Tradition and Imitation in Spenser’s The Faerie Queene

Jonathan Griffin

Abstract


The purpose of this paper is to discuss Spenser’s use of imitation as a literary device in his allegorical epic poem The Faerie Queene, originally published in 1590. The paper begins with a synopsis of Spenser’s general intent behind the poem, as well as his use of the theoretical models of literary excellence proposed by his contemporary Sir Phillip Sidney. The paper then follows Spenser’s reinterpretation of Ariosto, his treatment of Virgil and Ovid, and chronicles his attempts to parody these imperious influences to create an epic that would give synthesis to the poetic tradition to which he belonged with his religious ethic and fervent nationalism, while paying tribute to his monarch, Elizabeth I.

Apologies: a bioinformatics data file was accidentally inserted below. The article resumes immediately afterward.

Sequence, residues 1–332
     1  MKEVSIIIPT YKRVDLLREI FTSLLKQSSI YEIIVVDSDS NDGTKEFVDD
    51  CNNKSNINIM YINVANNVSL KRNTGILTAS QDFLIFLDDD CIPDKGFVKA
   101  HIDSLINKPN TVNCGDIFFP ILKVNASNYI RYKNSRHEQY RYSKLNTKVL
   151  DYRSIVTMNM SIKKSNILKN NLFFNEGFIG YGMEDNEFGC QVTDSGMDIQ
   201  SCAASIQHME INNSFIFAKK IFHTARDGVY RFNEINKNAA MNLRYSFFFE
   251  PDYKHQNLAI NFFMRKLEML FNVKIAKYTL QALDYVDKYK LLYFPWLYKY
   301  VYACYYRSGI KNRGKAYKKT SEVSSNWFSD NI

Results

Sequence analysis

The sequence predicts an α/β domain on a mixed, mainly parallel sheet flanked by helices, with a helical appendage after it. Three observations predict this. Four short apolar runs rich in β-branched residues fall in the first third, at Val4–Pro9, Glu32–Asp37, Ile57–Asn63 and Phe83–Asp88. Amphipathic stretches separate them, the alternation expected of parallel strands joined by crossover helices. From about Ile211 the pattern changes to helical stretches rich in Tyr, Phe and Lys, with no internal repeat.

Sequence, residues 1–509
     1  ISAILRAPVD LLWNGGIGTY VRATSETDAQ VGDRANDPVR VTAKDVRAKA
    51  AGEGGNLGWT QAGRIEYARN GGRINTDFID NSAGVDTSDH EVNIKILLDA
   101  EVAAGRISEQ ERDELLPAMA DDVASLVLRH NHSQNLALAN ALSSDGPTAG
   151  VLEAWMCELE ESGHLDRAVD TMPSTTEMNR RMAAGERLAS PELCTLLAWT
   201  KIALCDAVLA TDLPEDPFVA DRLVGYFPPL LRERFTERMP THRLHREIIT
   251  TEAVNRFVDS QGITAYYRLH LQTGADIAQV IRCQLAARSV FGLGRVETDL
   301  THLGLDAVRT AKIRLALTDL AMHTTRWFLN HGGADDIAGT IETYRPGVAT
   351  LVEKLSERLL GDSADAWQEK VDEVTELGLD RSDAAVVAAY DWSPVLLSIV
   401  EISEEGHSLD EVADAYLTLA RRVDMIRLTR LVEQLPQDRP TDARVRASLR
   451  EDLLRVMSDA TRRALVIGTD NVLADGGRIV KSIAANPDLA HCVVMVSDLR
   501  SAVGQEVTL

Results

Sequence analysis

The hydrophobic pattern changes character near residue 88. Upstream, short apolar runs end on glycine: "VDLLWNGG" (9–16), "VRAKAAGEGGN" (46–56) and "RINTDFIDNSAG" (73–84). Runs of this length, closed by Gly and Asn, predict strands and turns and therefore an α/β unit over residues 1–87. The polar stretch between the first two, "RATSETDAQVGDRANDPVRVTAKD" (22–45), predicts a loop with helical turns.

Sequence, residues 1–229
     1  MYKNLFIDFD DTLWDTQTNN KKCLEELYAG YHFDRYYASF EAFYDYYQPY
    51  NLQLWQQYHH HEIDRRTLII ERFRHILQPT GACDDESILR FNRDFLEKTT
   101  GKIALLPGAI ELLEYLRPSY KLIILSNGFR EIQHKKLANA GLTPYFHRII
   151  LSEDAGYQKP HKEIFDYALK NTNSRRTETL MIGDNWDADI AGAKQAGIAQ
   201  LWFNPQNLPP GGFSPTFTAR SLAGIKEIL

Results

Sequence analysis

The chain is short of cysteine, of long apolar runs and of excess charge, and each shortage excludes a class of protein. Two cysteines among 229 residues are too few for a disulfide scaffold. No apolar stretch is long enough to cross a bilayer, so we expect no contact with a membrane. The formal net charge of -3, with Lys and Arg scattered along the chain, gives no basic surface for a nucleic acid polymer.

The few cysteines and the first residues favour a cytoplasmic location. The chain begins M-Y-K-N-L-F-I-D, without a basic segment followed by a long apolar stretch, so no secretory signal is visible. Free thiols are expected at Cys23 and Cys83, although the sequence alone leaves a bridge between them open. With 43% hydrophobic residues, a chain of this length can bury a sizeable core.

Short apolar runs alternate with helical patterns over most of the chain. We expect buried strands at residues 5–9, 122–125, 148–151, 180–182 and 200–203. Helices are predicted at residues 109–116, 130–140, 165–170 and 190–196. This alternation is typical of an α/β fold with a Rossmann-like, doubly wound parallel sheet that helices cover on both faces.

Keywords


Poetry; Renaissance; Allegory; epic

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DOI: http://dx.doi.org/10.18533/journal.v2i6.126

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Journal of Arts and Humanities (Print) ISSN:2167-9045

Journal of Arts and Humanities (Online) ISSN: 2167-9053

[Journal of Arts and Humanities previously published by MIR Center for Socio-Economic Research, MD, USA. From February 2018 this journal is published by the LAR Center Press, OR, USA]